To the Bridge shot entirely with iPhone 6+. Edits and cuts overlaid with music. Most of the audio from the clips was removed and the flow of the music carried the story. This is another stage in my skill development – the use of music as the central character in the story. Playing with the speed of video inline with music tempo starts to make an appearance here.
That’s Just a Fish brings together a lot of the skills in development. Camera angles. Music in the back and foreground. Music tempo and timing with video. Capturing the feel of a camping trip – summed up in Leo’s words at the end. Also around this time – and without planning ahead of time – I started to think about the editing process during the filming. I’d think – what else do I need to capture this moment? What will be interesting? Thinking about the end while in the present, but with a freedom for the vision to shift is one of the central insights that I’ve learned — and continues to guide my process.
At the beginning of July I made this simple little film, Skywalker Deluxe. Back to basic time lapse, but it is better than any of my previous time lapse-only films because 1.) short time lapse IS the right way to tell this story; 2.) the music perfectly fits and augments the film. Nothing else is necessary. Anything else would complicate the un-complex joy of the first jumps on a new trampoline.
I shot this a week ago on the iPhone 6+. Four minutes is long – so I played around with the linear narrative. End of the day moved forward in time with the music. I wanted to keep the film moving so people would watch it. The music is upbeat and abruptly cut for effect. I didn’t go into the day thinking I was going to tell the story of July 4th, but the footage I captured was interesting so I felt compelled to make something. And it should be said that I like making films – I do….it is fun. But the hidden benefit is having a thoughtful archive of all these moments in my kids’ lives. Wish I had done more deliberate storytelling with the film from their younger years. Even thinking about going back and editing that stockpile makes me shudder.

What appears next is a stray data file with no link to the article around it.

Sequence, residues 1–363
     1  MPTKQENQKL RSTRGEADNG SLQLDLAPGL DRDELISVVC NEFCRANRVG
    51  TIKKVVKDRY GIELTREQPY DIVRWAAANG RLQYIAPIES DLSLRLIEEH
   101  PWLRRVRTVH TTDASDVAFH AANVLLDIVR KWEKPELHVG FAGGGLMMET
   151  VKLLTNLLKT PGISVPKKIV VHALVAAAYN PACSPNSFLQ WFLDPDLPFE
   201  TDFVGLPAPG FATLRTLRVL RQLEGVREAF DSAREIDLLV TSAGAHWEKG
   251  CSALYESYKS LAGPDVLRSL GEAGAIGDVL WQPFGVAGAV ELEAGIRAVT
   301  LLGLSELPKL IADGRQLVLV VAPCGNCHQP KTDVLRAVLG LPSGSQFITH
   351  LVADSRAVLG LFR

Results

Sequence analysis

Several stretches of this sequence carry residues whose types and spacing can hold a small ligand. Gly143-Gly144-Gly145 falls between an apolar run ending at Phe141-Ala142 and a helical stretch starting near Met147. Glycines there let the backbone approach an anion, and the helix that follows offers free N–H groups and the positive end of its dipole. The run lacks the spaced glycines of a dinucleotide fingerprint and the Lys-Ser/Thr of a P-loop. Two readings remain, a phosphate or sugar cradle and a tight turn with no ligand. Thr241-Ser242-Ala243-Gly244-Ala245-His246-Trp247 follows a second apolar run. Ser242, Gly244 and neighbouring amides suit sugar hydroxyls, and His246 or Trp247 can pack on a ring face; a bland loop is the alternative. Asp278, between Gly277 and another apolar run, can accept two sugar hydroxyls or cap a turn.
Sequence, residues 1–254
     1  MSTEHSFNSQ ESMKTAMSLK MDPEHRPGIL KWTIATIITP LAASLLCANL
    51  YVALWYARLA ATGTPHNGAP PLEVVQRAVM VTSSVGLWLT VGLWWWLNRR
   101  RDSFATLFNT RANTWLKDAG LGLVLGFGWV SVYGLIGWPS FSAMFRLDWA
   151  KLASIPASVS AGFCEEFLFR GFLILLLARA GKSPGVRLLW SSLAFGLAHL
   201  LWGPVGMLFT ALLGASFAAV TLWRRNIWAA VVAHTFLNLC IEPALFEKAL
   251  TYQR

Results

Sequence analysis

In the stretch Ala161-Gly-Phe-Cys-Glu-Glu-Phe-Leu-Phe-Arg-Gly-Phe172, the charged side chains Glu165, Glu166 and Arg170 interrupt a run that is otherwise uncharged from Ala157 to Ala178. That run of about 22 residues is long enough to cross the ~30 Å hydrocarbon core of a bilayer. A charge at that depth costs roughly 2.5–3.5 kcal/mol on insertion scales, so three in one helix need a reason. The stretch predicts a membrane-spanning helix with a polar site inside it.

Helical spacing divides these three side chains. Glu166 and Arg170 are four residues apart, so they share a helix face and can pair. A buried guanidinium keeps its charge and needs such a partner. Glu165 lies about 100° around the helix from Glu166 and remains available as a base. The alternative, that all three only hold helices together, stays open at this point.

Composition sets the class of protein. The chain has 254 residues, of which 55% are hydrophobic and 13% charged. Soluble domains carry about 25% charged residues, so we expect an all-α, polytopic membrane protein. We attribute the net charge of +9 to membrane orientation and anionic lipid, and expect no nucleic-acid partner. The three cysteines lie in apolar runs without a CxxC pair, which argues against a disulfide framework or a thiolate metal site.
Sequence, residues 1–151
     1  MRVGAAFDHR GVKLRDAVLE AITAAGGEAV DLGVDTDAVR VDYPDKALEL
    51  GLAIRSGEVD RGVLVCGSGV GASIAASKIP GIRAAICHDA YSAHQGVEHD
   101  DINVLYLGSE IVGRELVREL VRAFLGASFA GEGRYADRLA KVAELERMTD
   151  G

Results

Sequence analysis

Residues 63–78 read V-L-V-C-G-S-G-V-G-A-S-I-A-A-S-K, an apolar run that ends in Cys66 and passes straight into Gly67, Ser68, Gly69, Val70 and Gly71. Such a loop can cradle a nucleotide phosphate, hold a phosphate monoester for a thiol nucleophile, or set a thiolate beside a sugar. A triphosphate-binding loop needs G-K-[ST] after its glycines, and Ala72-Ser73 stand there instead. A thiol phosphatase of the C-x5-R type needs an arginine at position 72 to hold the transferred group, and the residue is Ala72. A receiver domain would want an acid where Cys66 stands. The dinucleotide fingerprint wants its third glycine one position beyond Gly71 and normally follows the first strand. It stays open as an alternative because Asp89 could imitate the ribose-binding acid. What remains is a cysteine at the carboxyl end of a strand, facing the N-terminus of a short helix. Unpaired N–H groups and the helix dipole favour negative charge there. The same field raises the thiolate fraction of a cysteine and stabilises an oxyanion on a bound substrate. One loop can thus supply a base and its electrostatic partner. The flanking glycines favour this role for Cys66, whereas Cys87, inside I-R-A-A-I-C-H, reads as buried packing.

This is my most recent film, Summer Bridge. I shot and edited it a couple days ago. As with most everything, it was done with the iPhone 6+. I am also starting to carry around a Joby tripod everywhere I go. Helps with time lapses and the stabilization of any regular close shots. In some of the clips above, I slowed the film down to help tell the “summer innocence” story. Music sets the tone, but the audio from many of the clips isn’t lost. This feels important. Unlike some of the other recent films (Saucy Fellows and Elbow Rain), this one took more than an hour to edit. It could have been done in an hour, but I kept tinkering with it (and even slept on it) because it didn’t feel like I wanted it to feel. And while it wasn’t “perfect” in the end – it was done enough to learn from and move on to the next one.
Couple insights strike me as I finish this self-reflection on my film storytelling development.
First…I recognize how privileged I am that I get to play and learn in this manner during the summer. Many of my friends don’t have the freedom to just be creative, learn a new skill and then blog about it. They are too busy with everything else. I am lucky. I also have some pretty adorable subjects!
Second…despite their differences – the written, audio and video mediums of storytelling have a similar flow and feel.
Namely, just do it.
Experiment. Practice. Make drafts. Refine. Get out of the way.
Always be asking, what has this new creation taught me that will help me with the next one?